The screening will be the first public glimpse into a landmark collection donated by the Communist Party USA to the University’s Tamiment Library & Wagner Labor Archives in 2006. The eight short films selected for this program will raise eyebrows and challenge stereotypes by offering fresh perspectives on everyday life in the Communist world.

What does it take to be a teenage Cosmonaut? How did camerawork convey meaning in propaganda films of South Vietnam? What music was popular on the far side of the Berlin Wall? What kind of future did the Communists foresee for an independent Angola?

Find the answers in


GOING UP THE LINE (South Vietnam, c. 1969);

ANGELA DAVIS REPORT (East Germany, 1972);






With this screening, NYU Libraries and the MIAP Program hope to raise local awareness about the significance of moving image collections to cultural history and collective memory. The program will also highlight challenges faced by today’s moving image archivists, from conserving obsolete formats and prolonging the life of decaying materials, to addressing the ethics of preservation for works historically underrepresented by governments and media conglomerates.

UNESCO World Day for Audiovisual Heritage is hosted by New York University on October 27, 2007 from 2:00 – 4:00 PM at the Languages and Literature Building, 19 University Place, Room 102. The event is free and open to the public. For additional information on the event, contact:

Sarah Ziebell
New York University

(212) 998-2692

About UNESCO — The United Nations Educational, Scientific and Cultural Organization was established as a specialized agency of the UN in 1945. UNESCO works to promote international collaboration through education, science and culture, and to promote universal respect for human rights and fundamental freedoms proclaimed in the UN Charter.

About NYU’s Moving Image Archiving And Preservation (MIAP)Program — MIAP is a two-year M.A. program that trains future professionals to manage preservation-level collections of film, video, new media, and other types of digital works, providing an international, comprehensive education in the theories, methods, and practices of moving image archiving and preservation.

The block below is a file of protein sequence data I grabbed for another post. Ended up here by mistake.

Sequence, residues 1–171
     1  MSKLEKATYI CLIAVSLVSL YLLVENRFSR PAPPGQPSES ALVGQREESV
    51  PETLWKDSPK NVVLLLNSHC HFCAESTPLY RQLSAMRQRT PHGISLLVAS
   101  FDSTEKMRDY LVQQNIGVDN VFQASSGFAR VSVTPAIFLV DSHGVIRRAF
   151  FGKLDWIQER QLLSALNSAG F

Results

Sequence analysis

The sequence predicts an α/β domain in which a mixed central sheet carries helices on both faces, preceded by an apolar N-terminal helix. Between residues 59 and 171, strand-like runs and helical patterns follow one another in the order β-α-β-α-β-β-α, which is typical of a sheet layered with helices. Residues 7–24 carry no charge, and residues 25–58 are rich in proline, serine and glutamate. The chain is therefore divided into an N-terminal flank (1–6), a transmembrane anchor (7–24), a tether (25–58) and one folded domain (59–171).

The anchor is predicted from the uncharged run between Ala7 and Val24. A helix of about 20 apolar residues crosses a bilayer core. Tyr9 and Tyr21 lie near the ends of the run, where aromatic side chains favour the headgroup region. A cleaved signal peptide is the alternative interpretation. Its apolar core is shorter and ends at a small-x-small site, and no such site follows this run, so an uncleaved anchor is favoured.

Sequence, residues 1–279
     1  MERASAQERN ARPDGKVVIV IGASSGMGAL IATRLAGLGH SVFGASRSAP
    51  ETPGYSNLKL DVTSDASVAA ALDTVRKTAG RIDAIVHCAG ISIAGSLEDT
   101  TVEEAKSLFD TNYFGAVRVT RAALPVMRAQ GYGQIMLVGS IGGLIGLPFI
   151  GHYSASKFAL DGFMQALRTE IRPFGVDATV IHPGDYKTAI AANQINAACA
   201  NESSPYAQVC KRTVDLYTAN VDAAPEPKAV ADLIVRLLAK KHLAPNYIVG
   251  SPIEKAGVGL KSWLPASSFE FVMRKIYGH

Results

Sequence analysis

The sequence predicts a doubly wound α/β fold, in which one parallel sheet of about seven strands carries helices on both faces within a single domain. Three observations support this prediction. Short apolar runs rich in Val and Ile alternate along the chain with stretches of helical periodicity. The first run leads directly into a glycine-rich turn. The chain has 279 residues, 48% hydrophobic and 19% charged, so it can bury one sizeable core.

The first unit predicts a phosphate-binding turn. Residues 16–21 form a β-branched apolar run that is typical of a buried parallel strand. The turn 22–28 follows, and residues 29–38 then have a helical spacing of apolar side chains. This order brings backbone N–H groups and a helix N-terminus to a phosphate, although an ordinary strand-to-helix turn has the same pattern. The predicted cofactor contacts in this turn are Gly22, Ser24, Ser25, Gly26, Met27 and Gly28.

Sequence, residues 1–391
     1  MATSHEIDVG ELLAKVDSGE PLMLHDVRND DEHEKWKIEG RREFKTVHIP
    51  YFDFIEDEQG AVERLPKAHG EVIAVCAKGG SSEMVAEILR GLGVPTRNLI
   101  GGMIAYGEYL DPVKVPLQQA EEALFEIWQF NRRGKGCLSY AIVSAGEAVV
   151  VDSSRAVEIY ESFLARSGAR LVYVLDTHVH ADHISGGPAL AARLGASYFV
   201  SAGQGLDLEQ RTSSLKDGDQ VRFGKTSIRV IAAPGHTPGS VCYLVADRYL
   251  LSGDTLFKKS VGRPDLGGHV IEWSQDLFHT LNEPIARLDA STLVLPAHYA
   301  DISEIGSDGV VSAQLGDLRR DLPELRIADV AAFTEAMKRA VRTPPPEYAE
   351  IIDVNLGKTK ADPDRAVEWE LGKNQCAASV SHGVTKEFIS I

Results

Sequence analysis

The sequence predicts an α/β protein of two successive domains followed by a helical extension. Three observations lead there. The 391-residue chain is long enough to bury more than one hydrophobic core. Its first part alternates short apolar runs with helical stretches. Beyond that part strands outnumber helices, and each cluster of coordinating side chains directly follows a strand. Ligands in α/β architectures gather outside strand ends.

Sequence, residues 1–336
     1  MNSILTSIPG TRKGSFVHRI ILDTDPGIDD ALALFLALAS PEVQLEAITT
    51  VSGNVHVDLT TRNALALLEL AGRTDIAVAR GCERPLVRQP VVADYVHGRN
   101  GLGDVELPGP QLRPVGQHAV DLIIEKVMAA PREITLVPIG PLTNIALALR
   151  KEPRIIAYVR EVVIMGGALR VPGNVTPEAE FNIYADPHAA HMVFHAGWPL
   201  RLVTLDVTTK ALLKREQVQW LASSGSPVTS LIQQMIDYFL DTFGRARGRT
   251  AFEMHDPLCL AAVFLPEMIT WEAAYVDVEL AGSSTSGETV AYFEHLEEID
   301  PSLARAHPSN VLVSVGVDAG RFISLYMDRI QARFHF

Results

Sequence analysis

Friday, October 19, 2007

NYC Taxi Workers Prepare for Another Strike, Monday Oct 22

The New York Taxi Workers Alliance (NYTWA) has called another one-day strike of cab drivers in the city for Monday, Oct 22. The strike will begin at 5:00 am and run for 24 hours. The strike follows a successful two-day strike last month to protest a new policy mandating Global Positioning Systems (GPS) in cabs by the city's Taxi and Limousine Commission (TLC). Drivers say GPS will further cut into their meager earnings and invade their privacy.

The new strike makes additional demands including health and pension benefits for taxi workers, and union recognition and the resignation. Even the editorial board of the New York Daily News now supports the cabbies' demands.

NYTWA is a member of the New York City Central Labor Council.

Passengers and other supporters can help in many ways:
1) Call 311, New York City's information and service line and voice your support for cab drivers and opposition to the GPS system.

2) Introduce resolutions in support for the strike in your union, church, community group, etc.

3) Attend the rally in support of cab drivers at 12:00 noon, Mon, Oct 22 at TLC headquarters, 40 Rector Street, Manhattan. Bring signs like, "New Yorkers Stand with its cab Drivers" and "Passengers Against GPS Tracking."

4) And don't hail any taxis on Monday! Show your solidarity by not crossing the picket line.
For more information and to get leaflets, volunteer, etc., visit the website of the New York Taxi Workers Alliance

Thursday, October 11, 2007

Ground Zero Fire, Deaths Spur Questions

By Bill Davis

NEW YORK — Six years after the 9/11 attack, the fog of profiteering, corruption and secrecy continues to whirl around the demolition and reconstruction of the World Trade Center site.